The City Will Unveil a New Vision for Downtown Parks on Thursday
When the city released its master plan for downtown parks in 2004, the vision was to create "a series of signature parks within downtown that add identity and economic vibrancy to the heart of the city."
klydewarrenpark.org With Klyde Warren and other parks under its belt, the city's about to unveil its updated vision for downtown green space.
That's starting to happen, as anyone who's spent time in Main Street Garden or Klyde Warren Park or Belo Garden can attest, but large chunks of downtown remain forbidding oceans of concrete far removed from the idyllic greenery over Woodall Rodgers and, with more and more people living and working downtown, more parks are needed.
And so, a bit more than a year ago, Dallas began working to update to its long-term plan for Dallas parks
The update is now complete and will be presented on Thursday to the Park & Recreation Board.
Mike Hellman, manager of park planning and acquisition for the city, said a consultant is putting on the final touches and that the plan itself won't be ready until Thursday. But the new plan examines the success of the current downtown parks and establishes a vision for new ones in light of the various things -- the Omni hotel, a large and trendy Arts District, residents -- that downtown has acquired in the past nine years.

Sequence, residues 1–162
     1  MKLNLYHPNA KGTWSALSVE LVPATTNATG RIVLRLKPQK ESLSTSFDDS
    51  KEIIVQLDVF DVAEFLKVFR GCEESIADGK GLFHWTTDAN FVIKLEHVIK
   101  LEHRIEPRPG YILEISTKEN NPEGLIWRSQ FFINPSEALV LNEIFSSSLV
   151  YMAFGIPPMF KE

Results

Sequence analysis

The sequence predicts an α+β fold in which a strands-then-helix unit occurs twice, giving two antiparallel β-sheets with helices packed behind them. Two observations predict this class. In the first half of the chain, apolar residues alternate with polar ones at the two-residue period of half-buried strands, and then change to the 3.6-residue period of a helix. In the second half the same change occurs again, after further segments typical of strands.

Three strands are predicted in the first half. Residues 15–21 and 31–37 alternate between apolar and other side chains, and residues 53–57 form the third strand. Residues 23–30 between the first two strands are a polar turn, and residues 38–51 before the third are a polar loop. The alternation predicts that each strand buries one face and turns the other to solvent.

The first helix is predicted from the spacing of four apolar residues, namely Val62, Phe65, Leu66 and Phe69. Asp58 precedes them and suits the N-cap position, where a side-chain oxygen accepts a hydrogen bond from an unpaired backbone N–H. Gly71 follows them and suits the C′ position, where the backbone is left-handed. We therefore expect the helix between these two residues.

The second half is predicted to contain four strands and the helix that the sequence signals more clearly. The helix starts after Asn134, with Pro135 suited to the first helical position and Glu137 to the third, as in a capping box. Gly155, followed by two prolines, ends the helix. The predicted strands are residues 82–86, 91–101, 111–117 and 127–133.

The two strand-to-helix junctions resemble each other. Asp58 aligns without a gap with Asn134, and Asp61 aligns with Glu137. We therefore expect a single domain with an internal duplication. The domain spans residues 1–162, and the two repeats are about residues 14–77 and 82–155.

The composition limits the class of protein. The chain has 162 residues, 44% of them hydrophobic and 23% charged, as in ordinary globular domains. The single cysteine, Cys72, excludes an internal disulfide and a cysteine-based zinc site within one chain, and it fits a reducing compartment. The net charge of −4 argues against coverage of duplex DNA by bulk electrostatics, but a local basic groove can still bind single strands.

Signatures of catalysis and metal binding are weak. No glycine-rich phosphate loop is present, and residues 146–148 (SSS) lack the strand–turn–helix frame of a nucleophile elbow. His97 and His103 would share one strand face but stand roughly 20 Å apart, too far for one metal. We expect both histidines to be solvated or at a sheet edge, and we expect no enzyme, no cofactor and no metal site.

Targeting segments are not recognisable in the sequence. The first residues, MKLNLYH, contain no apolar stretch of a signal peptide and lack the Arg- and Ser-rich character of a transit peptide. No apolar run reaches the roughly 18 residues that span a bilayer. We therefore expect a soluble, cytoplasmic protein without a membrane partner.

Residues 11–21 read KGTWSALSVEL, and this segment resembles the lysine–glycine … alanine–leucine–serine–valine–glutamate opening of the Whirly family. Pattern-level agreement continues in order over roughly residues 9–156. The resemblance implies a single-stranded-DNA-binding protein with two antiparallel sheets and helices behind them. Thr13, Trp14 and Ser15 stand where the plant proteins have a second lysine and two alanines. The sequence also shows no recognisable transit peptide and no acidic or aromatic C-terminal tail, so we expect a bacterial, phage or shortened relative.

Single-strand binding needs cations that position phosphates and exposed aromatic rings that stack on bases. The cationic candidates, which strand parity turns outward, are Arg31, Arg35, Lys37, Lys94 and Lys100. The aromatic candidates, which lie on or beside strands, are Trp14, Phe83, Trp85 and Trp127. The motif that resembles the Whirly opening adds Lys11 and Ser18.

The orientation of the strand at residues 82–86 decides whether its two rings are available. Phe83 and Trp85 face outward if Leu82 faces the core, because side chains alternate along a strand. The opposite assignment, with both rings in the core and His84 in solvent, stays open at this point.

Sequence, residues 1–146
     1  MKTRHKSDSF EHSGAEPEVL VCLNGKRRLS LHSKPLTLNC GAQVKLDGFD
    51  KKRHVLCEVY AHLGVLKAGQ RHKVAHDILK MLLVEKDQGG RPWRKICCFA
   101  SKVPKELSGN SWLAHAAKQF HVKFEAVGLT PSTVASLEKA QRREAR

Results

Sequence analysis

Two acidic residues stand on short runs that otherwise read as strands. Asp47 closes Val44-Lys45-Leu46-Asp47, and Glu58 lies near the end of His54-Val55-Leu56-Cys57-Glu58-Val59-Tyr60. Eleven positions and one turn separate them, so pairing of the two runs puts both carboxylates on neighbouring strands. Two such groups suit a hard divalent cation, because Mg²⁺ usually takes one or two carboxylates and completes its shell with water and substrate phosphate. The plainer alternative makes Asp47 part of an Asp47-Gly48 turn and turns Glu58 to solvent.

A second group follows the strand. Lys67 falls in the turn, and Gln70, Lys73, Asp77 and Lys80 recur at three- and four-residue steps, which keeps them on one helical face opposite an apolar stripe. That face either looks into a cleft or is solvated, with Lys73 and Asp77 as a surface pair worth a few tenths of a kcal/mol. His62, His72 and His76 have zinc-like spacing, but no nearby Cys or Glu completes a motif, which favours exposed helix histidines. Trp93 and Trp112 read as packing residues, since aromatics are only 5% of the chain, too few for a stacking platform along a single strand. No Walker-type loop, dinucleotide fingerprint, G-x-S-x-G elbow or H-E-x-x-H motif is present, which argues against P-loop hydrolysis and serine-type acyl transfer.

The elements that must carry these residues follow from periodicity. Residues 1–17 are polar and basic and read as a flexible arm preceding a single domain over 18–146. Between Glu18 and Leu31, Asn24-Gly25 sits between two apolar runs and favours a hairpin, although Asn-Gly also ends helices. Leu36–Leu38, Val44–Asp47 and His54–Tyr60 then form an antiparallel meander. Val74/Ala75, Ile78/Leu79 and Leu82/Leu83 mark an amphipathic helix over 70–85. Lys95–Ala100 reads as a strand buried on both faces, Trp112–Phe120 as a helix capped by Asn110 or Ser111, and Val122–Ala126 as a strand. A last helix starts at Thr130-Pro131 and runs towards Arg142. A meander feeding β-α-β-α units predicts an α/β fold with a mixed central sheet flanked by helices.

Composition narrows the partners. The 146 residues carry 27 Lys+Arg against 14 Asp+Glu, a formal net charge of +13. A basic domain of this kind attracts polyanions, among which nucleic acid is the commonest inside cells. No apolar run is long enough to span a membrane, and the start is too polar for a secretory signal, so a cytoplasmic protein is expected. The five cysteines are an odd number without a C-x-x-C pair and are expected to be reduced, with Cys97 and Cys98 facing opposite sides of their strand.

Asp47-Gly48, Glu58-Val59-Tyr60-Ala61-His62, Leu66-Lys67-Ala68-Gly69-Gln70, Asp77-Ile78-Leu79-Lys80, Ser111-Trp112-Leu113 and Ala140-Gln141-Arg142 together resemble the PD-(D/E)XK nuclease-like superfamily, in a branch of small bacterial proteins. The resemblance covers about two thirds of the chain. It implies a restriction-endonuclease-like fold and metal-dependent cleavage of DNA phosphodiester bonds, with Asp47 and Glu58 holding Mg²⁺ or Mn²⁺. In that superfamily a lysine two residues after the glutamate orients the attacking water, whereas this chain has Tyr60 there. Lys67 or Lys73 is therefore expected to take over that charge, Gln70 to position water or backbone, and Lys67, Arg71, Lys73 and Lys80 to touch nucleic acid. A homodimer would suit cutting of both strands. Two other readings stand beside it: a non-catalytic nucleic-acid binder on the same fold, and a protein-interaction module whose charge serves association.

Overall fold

Among the priorities outlined in the new plan is the consolidation of the patchwork Carpenter Plaza, which links downtown and Deep Ellum, into a single parcel of green space, developing tracts around the Farmer's Market, and some parkland in the West End. The city, Hellman says, is in the midst of acquiring West End Plaza for the purpose.
Also to be addressed is a revised vision for Pacific Garden, the fourth major park envisioned by the 2004 plan. The city bought the land but a lack of funding prevented it from being turned into a park as quickly as would have been liked.